show more
Vagrant Kings: David Stern, Kevin Johnson and the NBA's Orphan Team

R.E. Graswich. R.E. Graswich, $24.95 paper (256p) ISBN 978-0-9898209-3-6

Jounalist Graswich provides a fascinating exploration of the deal making and legal wrangling that ultimately ensured a professional basketball franchise would remain in Sacramento, Calif. The NBA’s Sacramento Kings holds the dubious distinction of being the most transient team in American professional sports. When the team moved from Kansas City to Sacramentoin 1985, many people were skeptical that the Kings would stay, or that the area could support a professional basketball team. But when things looked bleak for the Kings in Sacramento, NBA Commissioner David Stern made it his mission to keep the team where it was. And, after much legal maneuvering, Stern succeeded, a deal was reached, and the Kings stayed put. Graswich was employed in the office of Sacramento Mayor Kevin Johnson—a former NBA all-star—when the city worked with the league on an arena project for the Kings. His familiarity with the team’s saga in Sacramento and key players involved makes this a detailed and engaging insider’s account. And while the author’s treatment of local politics can be a bit dry, and he doesn’t always vividly capture the personalities involved, fans of the NBA—especially those with an appetite for behind-the-scenes deal making—will find a lot to like here.

Reviewed on 01/24/2014 | Details & Permalink

show more
Jackie: My Obsession

Ron Galella. Ron Galella, $400 hardcover (400p) ISBN 978-0-9857519-0-6

Dubbed “Paparazzo Extraordinaire” by Newsweek, Galella (Jacqueline, No Pictures) offers up this compendium of his favorite photos of his favorite subject: iconic former first lady Jacqueline Kennedy Onassis. Despite legal battles—Onasis sued Galella twice and the court issued him a restraining order—the photographer is unabashed in describing his constant fascination with Onassis, whom he considered the most glamorous woman in the world. While the quality of the photographs themselves—which are all taken on the street or in social settings—is inconsistent, many are entrancing in their candid depictions of Onassis’s everyday life, as well as her social life. In a photo snapped on her niece’s wedding day in 1980, Onassis, surrounded by family, gazes directly into the camera, flashing a characteristically mysterious smile that is at once inviting and distancing. Another shot, taken in Capri, Italy, in 1970, shows the often tumultuous relationship between subject and photographer: Onassis seems to be gesturing angrily at an outdoor cafe, and is alleged to have said, “Call the police—arrest that man,” in reference to Galella. More than a tale of personal obsession, however, the photographs here are a testament to America’s complicated and voyeuristic relationship with celebrity.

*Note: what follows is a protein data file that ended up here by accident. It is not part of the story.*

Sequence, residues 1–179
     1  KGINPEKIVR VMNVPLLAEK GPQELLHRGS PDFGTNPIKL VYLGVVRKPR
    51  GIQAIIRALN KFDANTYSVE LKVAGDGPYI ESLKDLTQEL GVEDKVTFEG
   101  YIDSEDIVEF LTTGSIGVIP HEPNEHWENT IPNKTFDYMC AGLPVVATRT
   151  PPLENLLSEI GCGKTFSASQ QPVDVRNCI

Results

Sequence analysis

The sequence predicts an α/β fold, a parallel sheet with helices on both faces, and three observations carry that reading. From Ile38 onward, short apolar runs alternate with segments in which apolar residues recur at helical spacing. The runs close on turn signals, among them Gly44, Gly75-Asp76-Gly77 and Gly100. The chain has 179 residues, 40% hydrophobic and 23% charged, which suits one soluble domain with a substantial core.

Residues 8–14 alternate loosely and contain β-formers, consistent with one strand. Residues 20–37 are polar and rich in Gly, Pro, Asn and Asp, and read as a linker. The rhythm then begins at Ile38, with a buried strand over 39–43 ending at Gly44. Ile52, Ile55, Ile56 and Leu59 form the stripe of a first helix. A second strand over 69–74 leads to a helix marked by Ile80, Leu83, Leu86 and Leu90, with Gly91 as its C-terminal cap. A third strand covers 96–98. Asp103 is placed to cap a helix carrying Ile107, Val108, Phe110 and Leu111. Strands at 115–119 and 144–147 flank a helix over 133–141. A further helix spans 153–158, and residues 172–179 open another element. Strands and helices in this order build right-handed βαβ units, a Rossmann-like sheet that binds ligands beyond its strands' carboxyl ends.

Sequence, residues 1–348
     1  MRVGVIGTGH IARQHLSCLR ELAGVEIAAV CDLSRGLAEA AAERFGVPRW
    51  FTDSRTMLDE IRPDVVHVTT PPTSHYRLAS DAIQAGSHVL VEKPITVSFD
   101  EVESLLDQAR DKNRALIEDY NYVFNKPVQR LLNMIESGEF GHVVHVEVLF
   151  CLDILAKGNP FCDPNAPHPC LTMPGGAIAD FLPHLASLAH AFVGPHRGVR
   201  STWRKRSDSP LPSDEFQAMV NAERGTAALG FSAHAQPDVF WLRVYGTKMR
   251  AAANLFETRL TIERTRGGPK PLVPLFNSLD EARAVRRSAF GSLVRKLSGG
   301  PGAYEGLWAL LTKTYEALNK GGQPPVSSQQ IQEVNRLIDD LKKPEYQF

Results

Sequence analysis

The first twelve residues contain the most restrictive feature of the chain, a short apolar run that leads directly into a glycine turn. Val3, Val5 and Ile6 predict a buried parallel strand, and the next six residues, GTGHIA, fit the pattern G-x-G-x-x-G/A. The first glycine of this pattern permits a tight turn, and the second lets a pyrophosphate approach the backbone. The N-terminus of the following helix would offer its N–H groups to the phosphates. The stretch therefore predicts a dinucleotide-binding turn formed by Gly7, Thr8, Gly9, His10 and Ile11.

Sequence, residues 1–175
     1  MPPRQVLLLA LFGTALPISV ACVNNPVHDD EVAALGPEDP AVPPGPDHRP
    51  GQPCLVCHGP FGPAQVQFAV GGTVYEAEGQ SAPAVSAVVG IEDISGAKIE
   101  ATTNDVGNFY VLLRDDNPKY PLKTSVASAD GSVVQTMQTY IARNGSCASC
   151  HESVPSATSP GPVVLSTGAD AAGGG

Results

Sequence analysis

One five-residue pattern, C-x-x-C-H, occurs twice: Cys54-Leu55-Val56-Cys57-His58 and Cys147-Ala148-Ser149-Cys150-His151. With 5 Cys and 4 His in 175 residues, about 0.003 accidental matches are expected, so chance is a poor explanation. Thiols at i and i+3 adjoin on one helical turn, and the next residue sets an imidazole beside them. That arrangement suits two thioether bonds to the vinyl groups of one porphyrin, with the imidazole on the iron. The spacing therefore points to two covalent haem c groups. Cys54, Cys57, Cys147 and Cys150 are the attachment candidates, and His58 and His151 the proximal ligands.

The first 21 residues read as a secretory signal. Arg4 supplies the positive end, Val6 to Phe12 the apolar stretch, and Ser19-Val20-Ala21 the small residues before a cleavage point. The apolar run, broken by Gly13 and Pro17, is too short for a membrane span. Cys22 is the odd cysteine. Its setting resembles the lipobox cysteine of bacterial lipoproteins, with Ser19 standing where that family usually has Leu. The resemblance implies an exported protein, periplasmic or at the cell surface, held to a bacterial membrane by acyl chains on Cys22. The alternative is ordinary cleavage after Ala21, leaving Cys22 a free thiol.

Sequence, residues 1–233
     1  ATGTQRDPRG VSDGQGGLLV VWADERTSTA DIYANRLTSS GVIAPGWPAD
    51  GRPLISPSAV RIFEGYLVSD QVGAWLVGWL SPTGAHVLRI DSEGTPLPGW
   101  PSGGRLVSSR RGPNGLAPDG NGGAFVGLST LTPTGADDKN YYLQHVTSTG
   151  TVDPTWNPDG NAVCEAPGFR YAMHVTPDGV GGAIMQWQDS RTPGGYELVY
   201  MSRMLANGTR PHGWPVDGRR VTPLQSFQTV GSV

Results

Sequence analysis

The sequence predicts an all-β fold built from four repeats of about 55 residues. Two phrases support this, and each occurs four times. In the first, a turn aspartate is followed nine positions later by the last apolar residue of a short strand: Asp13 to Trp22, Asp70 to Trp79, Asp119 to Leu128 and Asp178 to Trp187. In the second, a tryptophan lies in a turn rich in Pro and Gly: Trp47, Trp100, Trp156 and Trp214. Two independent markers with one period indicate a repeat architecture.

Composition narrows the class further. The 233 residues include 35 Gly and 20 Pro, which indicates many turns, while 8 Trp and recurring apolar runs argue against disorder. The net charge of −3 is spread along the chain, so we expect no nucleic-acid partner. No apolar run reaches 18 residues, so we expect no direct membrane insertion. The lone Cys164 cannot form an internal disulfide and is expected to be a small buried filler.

Reviewed on 01/24/2014 | Details & Permalink

show more
Gilgamesh in the 21st Century: A Personal Quest to Understand Mortality

Paul Bracken. CreateSpace, $13.40 paper (288p) ISBN 978-1-4923-1090-7

In the ancient Sumerian epic Gilgamesh, the eponymous fifth king of Uruk asks the question that has haunted humanity since its beginnings—“Must I die?”—and then sets out to discover the secret of immortality. Of course, he never finds it, and death comes to Gilgamesh as it does to all. In this meandering meditation, Bracken, a former regional coordinator for space-exploration NGO the Planetary Society, uses the epic poem to anchor reflections on science, religion, artificial intelligence, and extraterrestrial life. Lacking clarity and focus, Bracken’s often-exasperating study asks what Gilgamesh might discover today if he used the tools of science to answer his question. Devoting little attention to the ancient tale, Bracken sifts through scientific evidence and suggests that humans may eventually be able to “transfer the mind of a human being into a newly constructed brain,” placing a “person’s identity beyond the reach of death.” Since, according to Bracken, such advances aren’t likely to be feasible anytime soon, contemporary readers must live with the uncertainty of Gilgamesh’s question.